Direct involvement of the TEN domain at the active site of human telomerase

Jurczyluk, Julie, Nouwens, Amanda S., Holien, Jessica K., Adams, Timothy E., Lovrecz, George O., Parker, Michael W., Cohen, Scott B. and Bryan, Tracy M. (2011) Direct involvement of the TEN domain at the active site of human telomerase. Nucleic Acids Research, 39 5: 1774-1788. doi:10.1093/nar/gkq1083


Author Jurczyluk, Julie
Nouwens, Amanda S.
Holien, Jessica K.
Adams, Timothy E.
Lovrecz, George O.
Parker, Michael W.
Cohen, Scott B.
Bryan, Tracy M.
Title Direct involvement of the TEN domain at the active site of human telomerase
Journal name Nucleic Acids Research   Check publisher's open access policy
ISSN 0305-1048
1362-4962
Publication date 2011-03
Year available 2010
Sub-type Article (original research)
DOI 10.1093/nar/gkq1083
Open Access Status DOI
Volume 39
Issue 5
Start page 1774
End page 1788
Total pages 15
Place of publication Oxford, England
Publisher Oxford University Press
Collection year 2012
Language eng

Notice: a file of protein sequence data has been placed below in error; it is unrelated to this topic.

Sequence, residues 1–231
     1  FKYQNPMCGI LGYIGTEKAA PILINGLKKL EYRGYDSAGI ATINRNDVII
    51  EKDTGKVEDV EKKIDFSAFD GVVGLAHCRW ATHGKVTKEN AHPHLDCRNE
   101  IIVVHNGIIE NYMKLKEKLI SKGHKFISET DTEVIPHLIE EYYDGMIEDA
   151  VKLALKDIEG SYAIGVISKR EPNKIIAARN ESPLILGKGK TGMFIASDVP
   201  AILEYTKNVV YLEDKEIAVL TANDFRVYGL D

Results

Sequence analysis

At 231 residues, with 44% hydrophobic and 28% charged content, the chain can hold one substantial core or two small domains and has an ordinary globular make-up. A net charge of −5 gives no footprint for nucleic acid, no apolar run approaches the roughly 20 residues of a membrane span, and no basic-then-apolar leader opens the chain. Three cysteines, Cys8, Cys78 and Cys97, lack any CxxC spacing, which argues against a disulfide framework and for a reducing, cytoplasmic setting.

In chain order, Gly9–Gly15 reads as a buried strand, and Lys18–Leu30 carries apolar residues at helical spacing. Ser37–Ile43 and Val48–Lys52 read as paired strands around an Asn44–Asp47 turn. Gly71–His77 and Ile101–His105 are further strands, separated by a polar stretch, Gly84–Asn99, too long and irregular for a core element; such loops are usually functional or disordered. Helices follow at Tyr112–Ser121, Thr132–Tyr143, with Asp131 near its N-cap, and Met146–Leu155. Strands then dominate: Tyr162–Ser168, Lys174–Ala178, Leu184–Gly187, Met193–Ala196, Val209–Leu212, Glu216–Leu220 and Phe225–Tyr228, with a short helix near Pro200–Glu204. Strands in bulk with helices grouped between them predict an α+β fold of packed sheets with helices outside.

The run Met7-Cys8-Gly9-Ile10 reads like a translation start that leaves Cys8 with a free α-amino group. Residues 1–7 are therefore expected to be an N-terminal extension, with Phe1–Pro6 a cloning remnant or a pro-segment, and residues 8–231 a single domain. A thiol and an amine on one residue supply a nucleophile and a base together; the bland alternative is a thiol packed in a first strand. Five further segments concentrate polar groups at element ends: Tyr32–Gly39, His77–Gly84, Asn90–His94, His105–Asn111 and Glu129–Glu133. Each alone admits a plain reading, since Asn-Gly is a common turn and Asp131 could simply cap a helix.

Abstract Telomerase is a ribonucleoprotein that adds DNA to the ends of chromosomes. The catalytic protein subunit of telomerase (TERT) contains an N-terminal domain (TEN) that is important for activity and processivity. Here we describe a mutation in the TEN domain of human TERT that results in a greatly increased primer Kd, supporting a role for the TEN domain in DNA affinity. Measurement of enzyme kinetic parameters has revealed that this mutant enzyme is also defective in dNTP polymerization, particularly while copying position 51 of the RNA template. The catalytic defect is independent of the presence of binding interactions at the 50-region of the DNA primer, and is not a defect in translocation rate. These data suggest that the TEN domain is involved in conformational changes required to position the 30-end of the primer in the active site during nucleotide addition, a function which is distinct from the role of the TEN domain in providing DNA binding affinity.
Q-Index Code C1
Q-Index Status Confirmed Code
Institutional Status UQ
Additional Notes First published online: November 3, 2010

Document type: Journal Article
Sub-type: Article (original research)
Collections: Official 2012 Collection
School of Chemistry and Molecular Biosciences
 
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Created: Wed, 09 Feb 2011, 14:59:37 EST by Dr Amanda Nouwens on behalf of Aust Institute for Bioengineering & Nanotechnology